I work in finance and there the political consensus is, in general, conservative. Now and again you see the cracks in that ideology showing through though. Before Brexit, Fund Managers would discuss the basic premise that the Conservative-Liberal Coalition was to make this country more like the USA, ie low tax, low benefits, fire-at-will, entrepreneurial, patriotic. The “alternative” European model of higher taxes, higher benefits, higher wages, manufacturing, protected jobs, and sharing of sovereignty being seen to be anti-competitive and old-fashioned.
I also remember though many fund managers, if you like the arch-capitalists, who manage billions of pounds worth of investments, hoping for a kind of “one-nation” government stimulus in infrastructure, education, and hi-tech manufacturing. I remember when the “going for growth” budget of George Osborne reduced the value of the pound exacerbated poverty at home due to the dollar/euro denomination of imports and increased the value of FTSE shares (as 80% of those shares earn in those same currencies). This “unintended” result made the rich richer and the poor poorer and continued with the fall of the pound following Brexit (actually the minute after Sunderland’s result was declared). Unsurprisingly, the rapid growth (damn it) of foodbanks followed from around then and now we have Gordon Brown writing that they are, to our shame, a part of the Social Security system. A rich man in his castle, a poor man at his gate….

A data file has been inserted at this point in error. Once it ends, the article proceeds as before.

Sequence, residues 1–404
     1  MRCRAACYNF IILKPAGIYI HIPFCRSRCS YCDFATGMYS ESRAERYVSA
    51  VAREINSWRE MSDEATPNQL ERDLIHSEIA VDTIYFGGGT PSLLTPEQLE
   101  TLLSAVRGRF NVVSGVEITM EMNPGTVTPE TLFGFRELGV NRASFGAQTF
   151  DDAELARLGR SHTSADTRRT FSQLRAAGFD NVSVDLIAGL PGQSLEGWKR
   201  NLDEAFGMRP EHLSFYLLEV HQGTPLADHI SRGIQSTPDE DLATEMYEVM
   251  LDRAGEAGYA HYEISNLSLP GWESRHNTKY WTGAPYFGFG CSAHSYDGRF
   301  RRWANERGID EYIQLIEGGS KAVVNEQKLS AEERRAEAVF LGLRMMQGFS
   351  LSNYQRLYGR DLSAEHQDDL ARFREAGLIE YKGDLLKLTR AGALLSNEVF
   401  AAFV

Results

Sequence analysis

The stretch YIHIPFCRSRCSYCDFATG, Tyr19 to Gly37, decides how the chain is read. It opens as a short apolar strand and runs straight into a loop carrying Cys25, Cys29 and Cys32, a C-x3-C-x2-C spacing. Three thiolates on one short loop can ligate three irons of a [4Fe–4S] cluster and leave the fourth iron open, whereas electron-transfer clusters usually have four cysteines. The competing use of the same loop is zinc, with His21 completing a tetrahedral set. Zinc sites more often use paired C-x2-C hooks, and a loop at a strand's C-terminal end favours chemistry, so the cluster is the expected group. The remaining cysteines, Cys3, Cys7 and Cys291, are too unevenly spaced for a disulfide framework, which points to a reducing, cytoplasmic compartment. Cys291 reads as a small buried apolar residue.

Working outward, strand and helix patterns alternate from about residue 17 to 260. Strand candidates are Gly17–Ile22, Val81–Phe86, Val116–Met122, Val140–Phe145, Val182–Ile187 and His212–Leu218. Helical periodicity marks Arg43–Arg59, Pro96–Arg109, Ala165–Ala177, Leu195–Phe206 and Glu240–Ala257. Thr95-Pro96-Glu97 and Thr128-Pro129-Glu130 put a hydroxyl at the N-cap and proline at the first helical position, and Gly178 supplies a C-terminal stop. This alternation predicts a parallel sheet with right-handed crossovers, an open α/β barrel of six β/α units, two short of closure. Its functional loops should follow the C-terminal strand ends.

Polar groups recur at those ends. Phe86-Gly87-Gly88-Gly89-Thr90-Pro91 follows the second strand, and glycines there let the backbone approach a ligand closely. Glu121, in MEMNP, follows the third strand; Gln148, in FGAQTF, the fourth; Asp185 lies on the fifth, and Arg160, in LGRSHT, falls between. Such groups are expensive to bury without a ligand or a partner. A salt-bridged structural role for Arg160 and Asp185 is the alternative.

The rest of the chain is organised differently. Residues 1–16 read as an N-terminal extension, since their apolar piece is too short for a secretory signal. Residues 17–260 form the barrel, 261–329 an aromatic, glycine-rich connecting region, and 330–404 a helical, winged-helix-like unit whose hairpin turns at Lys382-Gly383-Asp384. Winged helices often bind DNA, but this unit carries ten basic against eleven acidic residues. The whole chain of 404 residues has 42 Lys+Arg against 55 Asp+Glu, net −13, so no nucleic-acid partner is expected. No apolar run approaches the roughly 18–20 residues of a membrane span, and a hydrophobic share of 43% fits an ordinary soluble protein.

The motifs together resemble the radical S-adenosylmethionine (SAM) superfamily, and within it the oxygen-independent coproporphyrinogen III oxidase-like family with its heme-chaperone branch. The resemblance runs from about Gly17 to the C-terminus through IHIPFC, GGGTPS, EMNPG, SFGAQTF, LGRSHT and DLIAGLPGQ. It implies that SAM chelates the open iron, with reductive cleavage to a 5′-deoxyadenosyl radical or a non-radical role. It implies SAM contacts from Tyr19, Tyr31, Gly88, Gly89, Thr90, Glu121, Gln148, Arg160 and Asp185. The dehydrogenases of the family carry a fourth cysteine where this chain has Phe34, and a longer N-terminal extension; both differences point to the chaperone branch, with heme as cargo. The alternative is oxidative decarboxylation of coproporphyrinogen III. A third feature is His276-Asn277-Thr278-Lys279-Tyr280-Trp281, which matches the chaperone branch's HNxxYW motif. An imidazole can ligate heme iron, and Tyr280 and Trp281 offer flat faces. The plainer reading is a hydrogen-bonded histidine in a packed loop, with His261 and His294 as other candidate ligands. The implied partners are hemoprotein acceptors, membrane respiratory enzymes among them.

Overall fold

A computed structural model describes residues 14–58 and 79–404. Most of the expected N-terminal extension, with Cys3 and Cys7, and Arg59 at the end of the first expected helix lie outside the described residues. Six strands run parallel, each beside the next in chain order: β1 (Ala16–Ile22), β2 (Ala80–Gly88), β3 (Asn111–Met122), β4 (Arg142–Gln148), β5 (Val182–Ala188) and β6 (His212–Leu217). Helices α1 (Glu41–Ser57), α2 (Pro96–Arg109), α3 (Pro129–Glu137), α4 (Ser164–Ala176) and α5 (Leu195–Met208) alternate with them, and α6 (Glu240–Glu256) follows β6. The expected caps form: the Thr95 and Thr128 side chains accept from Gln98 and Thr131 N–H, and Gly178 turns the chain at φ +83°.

The Kwasi-Budget that the Rt. Hon. Mr. Kwarteng has just announced will take a few days to process as the details emerge, but the main theme is division between rich getting richer and poor getting poorer. The sub-headlined “enterprise zones/freeports” could be indicative for example. In those, there are no public streets, just private property. No begging, no loitering, no graffiti, no chewing gum, no problems except the big fence surrounding it and that if you lose your job or get ill or old, you’re outside.